Later, I visited Bob Whitmore. “Bob at the Rock Shop,” said the manager at the Energy Inn. “He knows more about Kemmerer than anybody around.” Might be. He welcomed me into his shop, which appeared to have served as an auto repair business at some earlier time, and much larger than the previous place from which he had recently moved. It was apparent that the move was necessary. Shelves ran along the walls and stretched to the ceiling, and they were crammed full of rocks of various shapes, sizes, and compositions. A remarkably complete crocodile skeleton inhabited a glass case; geodes of assorted sizes lay scattered on a counter, a multitude of colors glistening from the assortment. “The crocodile could be in a museum,” he said. “And the petrified palms--“ he pointed to three large polished rocks-“Why, I turned down a guy who wanted to give me $40,000 for that one.” I gawked, and he pointed out other unique pieces. “Have a seat,” he said, shoving a chair my way. We talked, I mostly asking questions to prompt him to continue talking about what has become his life. He is retired, and he continues his collections because he simply likes to do so. “It’s nice to sell a piece now and then-you know, pays the electric bill. But I do it because I want to.” He has been retired for some time, and he makes his own hours. “This stuff should stay here-in Kemmerer. So when I go, I hope they will build a museum to put it in.”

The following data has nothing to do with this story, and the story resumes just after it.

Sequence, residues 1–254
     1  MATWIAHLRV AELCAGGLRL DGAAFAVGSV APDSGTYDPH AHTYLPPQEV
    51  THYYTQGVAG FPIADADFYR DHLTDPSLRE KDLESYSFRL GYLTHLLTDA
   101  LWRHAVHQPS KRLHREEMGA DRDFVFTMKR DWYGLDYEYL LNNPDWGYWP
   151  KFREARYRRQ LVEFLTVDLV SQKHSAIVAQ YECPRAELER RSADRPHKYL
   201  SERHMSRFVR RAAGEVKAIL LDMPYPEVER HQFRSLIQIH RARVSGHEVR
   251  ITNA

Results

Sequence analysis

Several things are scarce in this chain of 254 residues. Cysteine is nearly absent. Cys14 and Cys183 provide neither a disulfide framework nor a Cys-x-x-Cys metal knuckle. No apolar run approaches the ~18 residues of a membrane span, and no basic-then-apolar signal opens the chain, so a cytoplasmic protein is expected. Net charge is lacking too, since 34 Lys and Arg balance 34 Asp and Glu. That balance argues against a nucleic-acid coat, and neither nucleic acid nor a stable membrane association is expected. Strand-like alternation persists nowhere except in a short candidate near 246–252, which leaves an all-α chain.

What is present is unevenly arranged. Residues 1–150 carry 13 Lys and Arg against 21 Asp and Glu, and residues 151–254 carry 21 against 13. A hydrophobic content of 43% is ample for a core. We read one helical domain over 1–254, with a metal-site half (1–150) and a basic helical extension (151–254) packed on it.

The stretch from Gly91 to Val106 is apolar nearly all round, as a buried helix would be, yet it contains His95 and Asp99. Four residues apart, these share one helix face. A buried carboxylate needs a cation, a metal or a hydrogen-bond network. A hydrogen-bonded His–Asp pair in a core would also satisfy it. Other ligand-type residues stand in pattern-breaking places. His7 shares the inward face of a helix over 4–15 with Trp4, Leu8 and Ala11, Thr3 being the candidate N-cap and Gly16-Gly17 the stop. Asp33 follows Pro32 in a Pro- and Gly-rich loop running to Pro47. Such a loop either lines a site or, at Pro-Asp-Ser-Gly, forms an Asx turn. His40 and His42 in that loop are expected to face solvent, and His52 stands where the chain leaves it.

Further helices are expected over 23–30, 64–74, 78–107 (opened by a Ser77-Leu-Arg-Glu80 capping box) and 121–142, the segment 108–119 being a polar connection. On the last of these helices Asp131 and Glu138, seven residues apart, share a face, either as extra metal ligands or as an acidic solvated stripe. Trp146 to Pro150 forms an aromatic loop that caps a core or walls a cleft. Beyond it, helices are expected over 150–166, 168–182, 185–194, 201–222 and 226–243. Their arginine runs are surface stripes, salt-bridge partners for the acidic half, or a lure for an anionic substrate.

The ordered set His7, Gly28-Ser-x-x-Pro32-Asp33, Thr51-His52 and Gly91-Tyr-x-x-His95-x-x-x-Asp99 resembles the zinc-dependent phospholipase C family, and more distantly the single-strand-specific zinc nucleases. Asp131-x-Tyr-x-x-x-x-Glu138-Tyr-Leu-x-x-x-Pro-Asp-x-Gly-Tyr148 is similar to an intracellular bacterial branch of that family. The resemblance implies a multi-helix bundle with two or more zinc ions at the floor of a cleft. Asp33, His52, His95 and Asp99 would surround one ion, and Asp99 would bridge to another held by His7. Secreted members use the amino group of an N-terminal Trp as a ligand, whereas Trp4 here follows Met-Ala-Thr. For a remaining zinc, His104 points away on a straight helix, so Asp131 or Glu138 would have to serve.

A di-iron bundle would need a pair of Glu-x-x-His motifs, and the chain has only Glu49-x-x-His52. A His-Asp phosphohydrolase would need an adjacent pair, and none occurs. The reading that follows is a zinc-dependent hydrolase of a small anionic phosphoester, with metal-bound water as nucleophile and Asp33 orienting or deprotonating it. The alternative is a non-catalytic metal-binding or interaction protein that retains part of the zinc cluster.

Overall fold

Harrison Church discovered coal in 1868 and built his home in what is now Diamondville. The first mine opened in 1894 and the Kemmerer Coal Company continued to operate until 1981, when it was sold to Pittsburgh and Midway Coal Company (locally called “P and M”). When the Oregon Short Line Railroad was built to connect to the Pacific Northwest, Kemmerer became an important station for fuel in the steam locomotive era. Other mines opened near the Kemmerer site, and a rowdy lifestyle was commonplace in some communities. Sublette had “a killing a week,” Diamondville had 13 taverns in its zenith (and a three-cell jail); during Prohibition in the 1920s Kemmerer became known as “Little Chicago.” Secret passageways and hidden cellars ran under many of Kemmerer’s buildings, providing avenues of trade for the bootleg liquor that ended up in Chicago!